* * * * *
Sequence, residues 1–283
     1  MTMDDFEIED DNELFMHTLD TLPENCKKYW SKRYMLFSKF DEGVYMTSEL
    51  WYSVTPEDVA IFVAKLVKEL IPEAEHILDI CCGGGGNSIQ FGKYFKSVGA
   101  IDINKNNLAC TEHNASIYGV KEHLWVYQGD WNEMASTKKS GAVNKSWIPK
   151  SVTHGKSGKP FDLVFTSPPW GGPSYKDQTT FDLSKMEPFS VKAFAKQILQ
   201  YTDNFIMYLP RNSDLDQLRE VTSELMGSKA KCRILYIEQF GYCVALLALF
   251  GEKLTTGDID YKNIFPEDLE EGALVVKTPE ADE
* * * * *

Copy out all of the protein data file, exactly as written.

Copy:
Sequence, residues 1–283
     1  MTMDDFEIED DNELFMHTLD TLPENCKKYW SKRYMLFSKF DEGVYMTSEL
    51  WYSVTPEDVA IFVAKLVKEL IPEAEHILDI CCGGGGNSIQ FGKYFKSVGA
   101  IDINKNNLAC TEHNASIYGV KEHLWVYQGD WNEMASTKKS GAVNKSWIPK
   151  SVTHGKSGKP FDLVFTSPPW GGPSYKDQTT FDLSKMEPFS VKAFAKQILQ
   201  YTDNFIMYLP RNSDLDQLRE VTSELMGSKA KCRILYIEQF GYCVALLALF
   251  GEKLTTGDID YKNIFPEDLE EGALVVKTPE ADE